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Presenter : Justine Shapiro

Mexico City Guide

Justine Shapiro travels to Mexico City, a melee of modern sky scrapers, Indian markets and Spanish churches where most of Mexico’s political, cultural, and economic life has been centred for thousands of years.

After finding a cheap place to stay, Justine is keen to get her first taste of city life straight away. Her first stop is La Merced market. There’s been a market on the site since the Aztec Justine at the Basilica de Guadelupe era and now its one of the city’s largest food markets, boasting 150 varieties of that Mexican staple the chilli, as well as cactus, chicken guts, bugs and mosquito eggs. Justine samples as much as she can stomach, then pays a visit to a glass-blowing workshop.

Less than an hour’s bus ride away is the ancient Aztec site of Teotihuacan. It was a major city in 400 or 500 AD, but all the records and artwork were destroyed so archaeologists can only guess at the cause of its ruin.

Teotihuacan is best known for its two gigantic pyramids, one to the sun and one to the moon, and after climbing the steep steps to the summit Justine takes in an incredible view of the whole site.

Back in Mexico City Justine meets up with Tommy Glasford, a North American artist who with a studio in the Zocolo, the main square. After showing her around his studio, Tommy takes Justine on a history-packed whistle-stop tour of the Zocolo.

Her visit to the Museum of Anthropology is a little more leisurely and her guide knows all the gruesome history behind each archaeological treasure. Justine just can’t spend another night in Mexico City without paying her respects to Mexico’s most renowned liquor – tequila. There’s over 550 varieties to choose from in the bar and Justine tries her hardest to get through as many as she can. Her first stop the next morning is Sonora witchcraft market where she can buy medicinal and magical herbs to cure a host of ailments – insomnia, ulcers, diabetes, bronchitis… and even hangovers.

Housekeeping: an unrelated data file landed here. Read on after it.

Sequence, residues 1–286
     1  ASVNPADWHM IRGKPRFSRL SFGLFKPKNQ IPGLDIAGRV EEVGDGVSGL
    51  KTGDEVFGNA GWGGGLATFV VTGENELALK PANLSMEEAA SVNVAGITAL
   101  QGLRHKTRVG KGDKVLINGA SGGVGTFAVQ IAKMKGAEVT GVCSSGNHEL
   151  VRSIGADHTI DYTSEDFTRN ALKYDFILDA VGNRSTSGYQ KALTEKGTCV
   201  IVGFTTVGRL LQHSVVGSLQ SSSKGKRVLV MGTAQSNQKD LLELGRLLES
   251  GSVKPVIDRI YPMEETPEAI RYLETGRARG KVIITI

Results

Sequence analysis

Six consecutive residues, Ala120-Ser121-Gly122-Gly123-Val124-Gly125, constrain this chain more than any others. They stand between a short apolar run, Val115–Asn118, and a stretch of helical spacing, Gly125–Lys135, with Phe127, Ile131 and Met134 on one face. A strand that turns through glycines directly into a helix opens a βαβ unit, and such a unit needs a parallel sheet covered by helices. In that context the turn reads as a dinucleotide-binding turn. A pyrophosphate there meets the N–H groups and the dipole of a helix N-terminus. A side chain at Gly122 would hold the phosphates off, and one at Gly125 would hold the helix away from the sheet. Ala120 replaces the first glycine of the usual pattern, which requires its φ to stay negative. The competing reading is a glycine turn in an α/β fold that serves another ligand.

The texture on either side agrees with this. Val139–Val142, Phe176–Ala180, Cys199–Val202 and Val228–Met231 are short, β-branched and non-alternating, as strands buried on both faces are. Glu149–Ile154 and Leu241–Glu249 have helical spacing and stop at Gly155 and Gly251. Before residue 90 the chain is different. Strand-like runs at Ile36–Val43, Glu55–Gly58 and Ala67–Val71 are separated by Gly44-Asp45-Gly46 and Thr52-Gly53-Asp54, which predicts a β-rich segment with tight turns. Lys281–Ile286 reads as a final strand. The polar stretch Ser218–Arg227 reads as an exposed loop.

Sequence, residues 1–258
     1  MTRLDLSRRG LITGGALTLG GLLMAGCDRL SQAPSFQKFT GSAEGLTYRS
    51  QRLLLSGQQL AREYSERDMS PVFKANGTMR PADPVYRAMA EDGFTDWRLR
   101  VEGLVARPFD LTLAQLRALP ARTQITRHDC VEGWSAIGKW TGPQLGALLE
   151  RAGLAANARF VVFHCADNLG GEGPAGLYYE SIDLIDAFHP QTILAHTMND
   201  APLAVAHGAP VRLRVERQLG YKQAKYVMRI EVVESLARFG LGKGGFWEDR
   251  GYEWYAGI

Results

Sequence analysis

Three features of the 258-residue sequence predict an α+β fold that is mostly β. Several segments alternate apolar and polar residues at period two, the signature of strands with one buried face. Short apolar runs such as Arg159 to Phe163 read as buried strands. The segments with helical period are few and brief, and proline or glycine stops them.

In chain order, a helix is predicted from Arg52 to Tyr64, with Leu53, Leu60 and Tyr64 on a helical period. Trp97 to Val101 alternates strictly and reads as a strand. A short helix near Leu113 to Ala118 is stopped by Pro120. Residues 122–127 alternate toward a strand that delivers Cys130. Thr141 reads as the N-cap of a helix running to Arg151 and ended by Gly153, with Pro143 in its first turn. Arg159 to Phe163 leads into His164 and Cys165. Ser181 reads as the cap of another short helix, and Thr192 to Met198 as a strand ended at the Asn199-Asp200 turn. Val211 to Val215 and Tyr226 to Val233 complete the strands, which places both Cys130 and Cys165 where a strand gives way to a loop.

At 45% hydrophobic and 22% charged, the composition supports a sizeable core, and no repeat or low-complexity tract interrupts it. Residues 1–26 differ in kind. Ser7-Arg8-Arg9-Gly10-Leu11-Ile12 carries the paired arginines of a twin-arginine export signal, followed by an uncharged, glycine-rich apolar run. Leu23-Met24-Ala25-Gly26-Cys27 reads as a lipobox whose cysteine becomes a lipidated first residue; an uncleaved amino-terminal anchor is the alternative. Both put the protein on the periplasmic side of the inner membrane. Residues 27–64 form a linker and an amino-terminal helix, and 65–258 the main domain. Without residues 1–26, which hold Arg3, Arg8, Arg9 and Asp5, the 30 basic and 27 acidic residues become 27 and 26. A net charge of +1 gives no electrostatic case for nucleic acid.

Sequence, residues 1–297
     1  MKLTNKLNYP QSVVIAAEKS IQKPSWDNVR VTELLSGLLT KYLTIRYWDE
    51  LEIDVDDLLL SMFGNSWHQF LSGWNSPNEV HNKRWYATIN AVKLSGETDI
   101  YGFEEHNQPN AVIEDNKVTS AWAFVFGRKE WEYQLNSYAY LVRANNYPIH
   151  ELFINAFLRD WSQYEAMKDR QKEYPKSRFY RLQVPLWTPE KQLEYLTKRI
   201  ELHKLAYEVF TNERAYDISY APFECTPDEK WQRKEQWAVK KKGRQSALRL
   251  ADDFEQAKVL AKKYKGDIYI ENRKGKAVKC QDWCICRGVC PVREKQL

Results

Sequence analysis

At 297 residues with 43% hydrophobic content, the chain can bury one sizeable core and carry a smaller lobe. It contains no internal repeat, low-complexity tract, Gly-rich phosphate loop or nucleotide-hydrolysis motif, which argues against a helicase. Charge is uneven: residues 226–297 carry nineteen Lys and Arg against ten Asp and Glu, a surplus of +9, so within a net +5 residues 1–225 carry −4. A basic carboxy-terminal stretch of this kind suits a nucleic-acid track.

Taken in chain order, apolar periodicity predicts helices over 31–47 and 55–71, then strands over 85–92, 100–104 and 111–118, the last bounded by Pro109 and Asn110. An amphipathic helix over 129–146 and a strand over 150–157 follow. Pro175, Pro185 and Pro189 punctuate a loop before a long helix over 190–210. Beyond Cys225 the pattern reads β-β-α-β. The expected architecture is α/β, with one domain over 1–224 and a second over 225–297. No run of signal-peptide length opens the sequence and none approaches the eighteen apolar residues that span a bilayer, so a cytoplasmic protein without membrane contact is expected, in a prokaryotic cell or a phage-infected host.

Spectator sports are another Mexican obsession and Justine’s curiosity gets the better of her as she buys a front-row ticket for lucha libre, masked wrestling at the Arena Coliseo.

Early the next morning Justine heads a hundred miles south west of Mexico City to the colonial city of Taxco. Although Taxco started out as a primitive mining camp, the discovery of silver transformed it into one of Mexico’s wealthiest cities. Justine is visiting Taxco at the time of the annual silver fair and there’s every imaginable trinket exquisitely fashioned from the precious metal on sale.

The Virgin of Guadelupe Festival takes place in early December and is the culmination of almost two weeks of celebrations. Justine witnesses the build up to the big day when local men Virgin of Guadelupe Festivaldart around the town with fireworks mounted on model bulls.

The largest bullfighting ring in the world is in Mexico City and its here that she witnesses her first bullfight. Justine joins the devotional throng gathered at the Basilica de Guadelupe, where about five million Mexicans end their pilgrimage from far-flung regions of the country.

Twelve miles south of the city is Xochimilco, a favourite weekend destination of Mexican families who escape the urban sprawl for the network of canals and flower nurseries. Justine comes across a curious sight on the little island which Don Julio has shared with his family of decrepit dolls for 23 years. Curious tourists find the spectacle rather creepy but Don Julio insists his dolls are like spirits who watch over and protect him.

On Justine’s final day in Mexico she pays a visit to the lush, secluded mountains of El Rosario, where billions of monarch butterflies migrate from Canada each year and find refuge in the butterfly sanctuary. They are an extraordinary sight, a blaze of vibrant colour forming a thick carpet on the ground to escape the stifling humidity at the heat of the day. It’s a perfect, peaceful end a frantic week in Mexico’s vibrant, passionate and disorganised capital.

Places Mentioned - Mexico

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